GLOBE, Ariz. - It was a major murder case 110 years ago that also involved the first car chase tracking fugitives through rural Arizona.
Now, this piece of Arizona history is headed to the silver screen, thanks to local filmmakers.
The independent film is being filmed in Globe, in all the places the historic events took place.
"They had a 1907 Cadillac for the pursuit. We were able to find an old Model T Ford to recreate this scene," said Clint Clarkson, a Co-Director and Co-Writer of the film ‘The Dog Bite Murders.’
‘It was the first time an automobile was used here in the pursuit of fugitives," said Gregory Shoemaker, also a Co-Director and Co-Writer of the film.
For several weeks, those with the independent film has bounced around historic jail cells, alleyways and train depots, catching the attention of residents.
High school students in the area have been getting a sneak peek of the production, as well as a few shots at something that might become more common.
"They can walk over during class period, and the photography group can take pictures," said Molly Cornwell with the Globe Downtown Association.
Cornwell said since this is an independent project, cast and crew have been able to keep working through the ongoing strikes in Hollywood.
"For us, it's a local film, so we move forward. A lot of indie films are approved to move forward as well," said Cornwell.
The writers say the story is all Globe.
"We want this to be something Globe can be proud of," said Shoemaker. "We want people to say ‘hey, I know this movie Dog Bite Murders that was shot in Globe. Let’s go check out the jail."
There are plans for the movie to make its premiere during the summer of 2024.
So, what exactly happened with the murders?
According to a Sept. 25, 1910 article published (and digitally re-created in 2013) by the Arizona Daily Star, two men, identified as James Steele and William R. Stewart, were arrested in connection with the murders of Fred Kibbe and Albert F. Hillpot.
In 2019, an article published by the White Mountain Independent states that Kibbe and Hillpot, both of whom were deer hunters, stopped at a place called Tuttle's Station to get supplies. Stewart and Steele (whose real name is actually John Goodwin, according to the Daily Star) were managers of the store, and an argument ensued after Stewart's dog bit Hillpot.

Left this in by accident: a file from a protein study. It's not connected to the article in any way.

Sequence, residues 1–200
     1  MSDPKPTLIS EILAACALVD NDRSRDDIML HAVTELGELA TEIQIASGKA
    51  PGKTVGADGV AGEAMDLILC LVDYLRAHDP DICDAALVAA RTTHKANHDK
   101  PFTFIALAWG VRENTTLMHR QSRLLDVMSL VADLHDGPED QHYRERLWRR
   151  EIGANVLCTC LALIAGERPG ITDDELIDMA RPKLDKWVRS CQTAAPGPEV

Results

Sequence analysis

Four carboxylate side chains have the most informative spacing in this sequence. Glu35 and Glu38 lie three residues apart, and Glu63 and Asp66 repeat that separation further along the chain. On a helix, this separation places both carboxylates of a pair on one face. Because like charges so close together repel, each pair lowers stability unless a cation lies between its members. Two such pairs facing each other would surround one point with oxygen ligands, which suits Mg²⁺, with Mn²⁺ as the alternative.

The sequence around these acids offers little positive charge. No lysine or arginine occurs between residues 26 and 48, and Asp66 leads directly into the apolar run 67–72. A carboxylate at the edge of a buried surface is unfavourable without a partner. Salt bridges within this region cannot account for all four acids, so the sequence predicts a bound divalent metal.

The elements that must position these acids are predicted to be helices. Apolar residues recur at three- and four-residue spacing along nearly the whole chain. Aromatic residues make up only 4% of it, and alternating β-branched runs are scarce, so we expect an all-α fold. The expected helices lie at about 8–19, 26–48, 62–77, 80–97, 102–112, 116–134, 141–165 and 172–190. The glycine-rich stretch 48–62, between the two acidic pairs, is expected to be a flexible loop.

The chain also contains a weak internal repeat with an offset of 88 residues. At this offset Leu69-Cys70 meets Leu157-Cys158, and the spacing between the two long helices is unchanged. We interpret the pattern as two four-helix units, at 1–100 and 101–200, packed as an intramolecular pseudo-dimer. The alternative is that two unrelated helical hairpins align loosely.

Kibbe and Hillpot, according to the article, returned to Tuttle's Station the next day to spend the night there, and the two were killed following supper. Following the murders, Goodwin and Stewart took Kibbe and Hillpot's horses and their other possessions before running away from the scene.
In an article published by the Globe Miami Times in 2013, It was reported that officials pursued Goodwin and Stewart for days after the murder. Both suspects were later found in a town called Adamana.
Adamana is over 100 miles away from Globe, in what is today Apache County.
Goodwin and Stewart were eventually convicted of the murders. According to the White Mountain Independent article, the two were initially sentenced to life in prison, but their lawyers subsequently filed an appeal, stating that the case should be tried in a federal court because it happened on a Native American reservation. A new trial did take place, but this time, a judge sentenced Goodwin and Stewart to be executed by hanging.
The defense lawyers, according to the White Mountain Independent, appealed for executive clemency from then President Woodrow Wilson, and Wilson did grant a 60-day stay of execution to study the issue, with the stay being granted just hours before the two were to be hanged. However, the stay expired without any further action from President Wilson, and the two were executed.
According to the website ‘The Federal Death Penalty Project,’ Goodwin was hanged in May 1913, and Stewart was hanged in May 1914.